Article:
Russian State Ballet of Siberia La Fille

Charming ballet brings the warmth of summer to a cold winter’s night

James Hayward
Saturday, February 9, 2013
11.25 AM

La Fille Mal Gardee, Russian State Ballet of Siberia, Regent Theatre, Ipswich, Thursday, February 7

The Russian ballet company from Krasnoyarsk in Siberia are now a regular fixture at the Regent, and their delightful production of La Fille Mal Gardee – a summer ballet if ever there was one –, its first showing in Ipswich, provides a real mid-winter treat.

One of the oldest and sunniest of ballets, and set to a jolly score by Hertel, it’s a light-hearted bucolic frolic with plenty of humour and lots of energetic dancing. And it has the advantage of an easy to follow story.

We are in an 18th century French village, and Widow Simone is determined that her wayward daughter Lise should marry Alain, the son of the wealthy local squire. Sadly, not only is Alain two bales short of a haystack but pretty Lise much prefers the charms of local farmer, Colas. Eventually, the Widow’s plans are thwarted, and true love wins the day.

Elena Pogorelaya and Mikhail Khushutin as Lise and Colas made a charming lead couple, he especially spring-heeled in his solos, and Denis Pogorely flung himself around the stage with eccentric abandon as the simpleton Alain.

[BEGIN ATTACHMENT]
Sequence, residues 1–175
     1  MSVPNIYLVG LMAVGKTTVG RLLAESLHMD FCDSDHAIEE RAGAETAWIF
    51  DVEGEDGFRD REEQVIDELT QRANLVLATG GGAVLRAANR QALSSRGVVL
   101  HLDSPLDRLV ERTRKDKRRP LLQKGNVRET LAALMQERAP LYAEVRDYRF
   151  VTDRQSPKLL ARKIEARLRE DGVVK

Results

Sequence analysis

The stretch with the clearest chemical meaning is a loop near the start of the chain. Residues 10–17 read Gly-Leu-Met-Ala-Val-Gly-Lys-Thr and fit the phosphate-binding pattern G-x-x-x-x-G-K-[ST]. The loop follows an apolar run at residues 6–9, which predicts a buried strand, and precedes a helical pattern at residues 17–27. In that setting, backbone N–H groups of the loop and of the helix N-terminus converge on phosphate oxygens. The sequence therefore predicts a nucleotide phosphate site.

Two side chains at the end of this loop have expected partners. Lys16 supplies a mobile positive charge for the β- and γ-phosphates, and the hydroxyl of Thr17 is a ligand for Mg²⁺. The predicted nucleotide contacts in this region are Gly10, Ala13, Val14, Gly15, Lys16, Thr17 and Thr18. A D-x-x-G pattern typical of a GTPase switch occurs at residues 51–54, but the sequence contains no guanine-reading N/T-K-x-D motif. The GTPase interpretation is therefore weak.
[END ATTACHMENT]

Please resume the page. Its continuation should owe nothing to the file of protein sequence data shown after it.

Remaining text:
Anastasia Koreshnikova, gave a masterclass in character dancing as Widow Simone, a role usually played by a male dancer in drag. The comedy was broad, but she made sure that the story-telling didn’t get lost in all the slapstick, She also carried off an excellent clog dance, no mean feat considering many in the audience will have been familiar with the version seen in Frederick Ashton’s Royal Ballet production – to different music and with louder clogs.

The choreography, by Mark Peretokin based the original stagings by John Daubernal and Alexander Gorsky, contains makes many technical demands and both the soloists and the corps de ballet rose to the occasion, dancing with musicality and precision. Fetching sets and costumes added to the overall charm, and the sizeable orchestra played with pleasing élan under the baton of Alexander Yudasin.

A performance of another great comic ballet, Coppelia, follows tonight (Friday) and there are two performances of the most famous of all tragic ballets, Swan Lake, with its fabulous Tchaikovsky score, tomorrow (Saturday). Catch one if you can.

JAMES HAYWARD